Colin Kaepernick Forced to Live Off His Side Hustles—Unlike Tim Tebow

The QB’s latest gig: editing a new book about prison and police abolition.

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Colin Kaepernick appears to be a man with many jobs, just not the one he desperately wants.

If for some strange reason you’re following the NFL this offseason after a pandemic-shortened 2020 campaign that almost no one watched, then rest assured and take comfort in the fact that America’s favorite pastime is still as racist as it’s ever been. Case in point: Tim Tebow, a white conservative favorite who never quite gelled in the NFL as a signal caller, has just signed a one-year contract with the Jacksonville Jaguars to play tight end. Tebow’s signing caused something of a stir when ESPN’s Stephen A. Smith compared it to Kaepernick’s ongoing labor dispute and said it was yet another sign of “white privilege” in the NFL

Meanwhile, Kaepernick, a well-qualified quarterback who once led his team to a Super Bowl appearance, is still without an NFL job, so he’s keeping himself busy by editing a widely anticipated anthology on prison abolition.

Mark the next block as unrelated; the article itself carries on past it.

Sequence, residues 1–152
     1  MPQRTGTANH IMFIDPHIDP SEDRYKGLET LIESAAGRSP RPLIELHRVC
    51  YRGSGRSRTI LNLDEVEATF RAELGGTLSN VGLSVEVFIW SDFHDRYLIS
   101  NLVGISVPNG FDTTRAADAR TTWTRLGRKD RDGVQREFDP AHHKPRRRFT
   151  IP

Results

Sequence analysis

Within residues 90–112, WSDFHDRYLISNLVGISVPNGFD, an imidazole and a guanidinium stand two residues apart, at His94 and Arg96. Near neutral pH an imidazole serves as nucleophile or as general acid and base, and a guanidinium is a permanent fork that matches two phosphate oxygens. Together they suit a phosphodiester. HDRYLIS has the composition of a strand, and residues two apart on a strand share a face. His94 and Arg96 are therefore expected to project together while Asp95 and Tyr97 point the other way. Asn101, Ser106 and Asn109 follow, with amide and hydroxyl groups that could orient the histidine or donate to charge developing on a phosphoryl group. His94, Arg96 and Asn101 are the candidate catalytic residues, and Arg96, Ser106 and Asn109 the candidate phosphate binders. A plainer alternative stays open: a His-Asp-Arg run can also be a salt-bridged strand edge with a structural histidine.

Kaepernick has been shut out of the league since 2017, shortly after be began kneeling on the sideline during the national anthem as a protest against the extrajudicial killings of Black people by the police. In 2017, he landed a book deal with One World Publishing. In 2019, he won a collusion grievance against the NFL, which reportedly netted him “under $10 million,” according to ESPN. Kaepernick, who is biracial and was raised in a white family, has also worked with Ava DuVernay and Netflix on a limited series about his teenage years.

And now, his publishing company, Kaepernick Publishing, is hard at work on an anthology called “Abolition For the People,” which will include contributions from 30 contributors, and art by Emory Douglas, a graphic artist known for his work with the Black Panther Party for Self-Defense.

All to say, sure, Kaepernick doesn’t have the job that he spent his life training for. But he’s making quite a few waves with his side hustles.

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This is a big one for us. So, as we ask you to consider supporting our team's journalism, we thought we'd slow down and check in about where Mother Jones is and where we're going after the chaotic last several years. This comparatively slow moment is also an urgent one for Mother Jones: You can read more in "Slow News Is Good News," and if you're able to, please support our team's hard-hitting journalism and help us reach our big $350,000 goal with a donation today.

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